Here at Berlin Noir Reviews, we
are pleased to be reviewing David Downing's Lehrter Station.
Not because the novel is a great read but because it is the last Berlin Noir
offering from Downing we will have to review. We hope.
For the record this is the fifth
installment of six in Downing's John Russell series. Here we find journalist
Russell living in England with his fiancé, German film actress Effi. The war's
over and they are breathing easy. Until the Soviets coerce Russell to work for
them (again) and the Americans get wind of it (again) and Russell is forced to
work for both of them (again) while trying to get out from under (again). Once
back in Berlin, Effi gets involved with what's left of the German film industry
(again) and the novel is split between these two storylines (again) as she
tries to find the mother of a Jewish girl she helped during the war.
Yes, Lehrter Station is
indistinguishable from the rest of the series. Same plot, same glacial pace,
same load of talk and endless description. Not much happens in Downing novels.
Oh, there's a quick build up at the end and a tacked on climax the reader has
long since stopped caring about. But in this novel, Downing decides to fill the
pages with a parade of characters from the previous novels who all come in have
their say then leave or die before the novel jumps to the next cameo.
Russell learns about the Jewish
refugees heading to Palestine, the black market, hiding Nazis, corrupt and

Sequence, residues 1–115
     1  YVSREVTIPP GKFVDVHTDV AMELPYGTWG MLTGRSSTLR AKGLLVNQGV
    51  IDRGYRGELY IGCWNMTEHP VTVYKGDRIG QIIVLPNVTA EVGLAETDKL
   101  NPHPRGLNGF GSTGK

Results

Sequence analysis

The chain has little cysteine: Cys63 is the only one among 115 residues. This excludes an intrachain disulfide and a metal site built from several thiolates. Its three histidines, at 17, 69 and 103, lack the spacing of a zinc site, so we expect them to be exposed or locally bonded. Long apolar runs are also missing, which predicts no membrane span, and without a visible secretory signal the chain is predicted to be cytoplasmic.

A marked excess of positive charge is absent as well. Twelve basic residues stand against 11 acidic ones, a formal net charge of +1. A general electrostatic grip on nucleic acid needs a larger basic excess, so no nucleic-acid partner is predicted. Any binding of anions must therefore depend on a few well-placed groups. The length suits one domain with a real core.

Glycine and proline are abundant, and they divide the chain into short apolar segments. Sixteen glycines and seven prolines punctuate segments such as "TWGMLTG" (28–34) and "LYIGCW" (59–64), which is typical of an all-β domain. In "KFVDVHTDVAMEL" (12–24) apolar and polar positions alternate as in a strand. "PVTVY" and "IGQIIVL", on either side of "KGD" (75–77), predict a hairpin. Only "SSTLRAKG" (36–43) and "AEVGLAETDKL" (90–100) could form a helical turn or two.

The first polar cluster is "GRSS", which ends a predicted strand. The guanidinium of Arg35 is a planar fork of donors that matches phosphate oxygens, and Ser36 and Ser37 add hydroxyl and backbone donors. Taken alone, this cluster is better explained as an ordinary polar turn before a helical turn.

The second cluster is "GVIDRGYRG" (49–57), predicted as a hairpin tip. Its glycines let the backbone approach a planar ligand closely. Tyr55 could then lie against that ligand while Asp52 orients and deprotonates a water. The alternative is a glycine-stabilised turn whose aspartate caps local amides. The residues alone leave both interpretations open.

inept occupiers and how tough it is to recapture pre-war Berlin in the rubble
all while gathering information the US has compiled about the German Communist
Party and handing it over to the Soviets.
To his credit, Downing captures
the wide landscape of post-war Berlin and has clearly done his research before
attempting to capture the chaotic time following the end of the war. But this
is not a history book. It's a novel. And as a piece of entertainment, it's flat
out boring as hell. Hard to believe that such a rich historical landscape could
be rendered uninteresting but Downing pulls it off. The main problem here, as
can be seen at the start of this review, is that the plot of Lehrter
Station is as recycled as the hook in the titles of the other Russell
books. Same plot, different era. Downing proves that if you've read one you've
read them all. In the Russell series, only the dates and places change.
With a heartfelt sigh of relief, Berlin Noir Reviews says goodbye to David Downing and the John Russell series.